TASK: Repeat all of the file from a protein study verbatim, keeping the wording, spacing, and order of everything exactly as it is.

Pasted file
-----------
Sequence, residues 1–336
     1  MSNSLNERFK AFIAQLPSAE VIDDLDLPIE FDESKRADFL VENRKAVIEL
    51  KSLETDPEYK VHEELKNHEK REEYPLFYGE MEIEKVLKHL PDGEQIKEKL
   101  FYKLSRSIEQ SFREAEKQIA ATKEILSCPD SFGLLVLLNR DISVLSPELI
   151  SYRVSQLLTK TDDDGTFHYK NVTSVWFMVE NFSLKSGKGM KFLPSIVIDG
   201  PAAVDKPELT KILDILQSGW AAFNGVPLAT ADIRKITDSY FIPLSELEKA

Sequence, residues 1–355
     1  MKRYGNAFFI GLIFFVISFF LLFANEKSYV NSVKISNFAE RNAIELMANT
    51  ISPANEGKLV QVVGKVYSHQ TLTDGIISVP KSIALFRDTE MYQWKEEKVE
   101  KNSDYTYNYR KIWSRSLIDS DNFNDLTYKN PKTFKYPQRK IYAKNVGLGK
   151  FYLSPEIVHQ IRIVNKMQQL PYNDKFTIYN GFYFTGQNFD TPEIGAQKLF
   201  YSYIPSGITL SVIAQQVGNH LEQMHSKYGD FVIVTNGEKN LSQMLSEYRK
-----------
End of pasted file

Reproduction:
Sequence, residues 1–336
     1  MSNSLNERFK AFIAQLPSAE VIDDLDLPIE FDESKRADFL VENRKAVIEL
    51  KSLETDPEYK VHEELKNHEK REEYPLFYGE MEIEKVLKHL PDGEQIKEKL
   101  FYKLSRSIEQ SFREAEKQIA ATKEILSCPD SFGLLVLLNR DISVLSPELI
   151  SYRVSQLLTK TDDDGTFHYK NVTSVWFMVE NFSLKSGKGM KFLPSIVIDG
   201  PAAVDKPELT KILDILQSGW AAFNGVPLAT ADIRKITDSY FIPLSELEKA

Sequence, residues 1–355
     1  MKRYGNAFFI GLIFFVISFF LLFANEKSYV NSVKISNFAE RNAIELMANT
    51  ISPANEGKLV QVVGKVYSHQ TLTDGIISVP KSIALFRDTE MYQWKEEKVE
   101  KNSDYTYNYR KIWSRSLIDS DNFNDLTYKN PKTFKYPQRK IYAKNVGLGK
   151  FYLSPEIVHQ IRIVNKMQQL PYNDKFTIYN GFYFTGQNFD TPEIGAQKLF
   201  YSYIPSGITL SVIAQQVGNH LEQMHSKYGD FVIVTNGEKN LSQMLSEYRK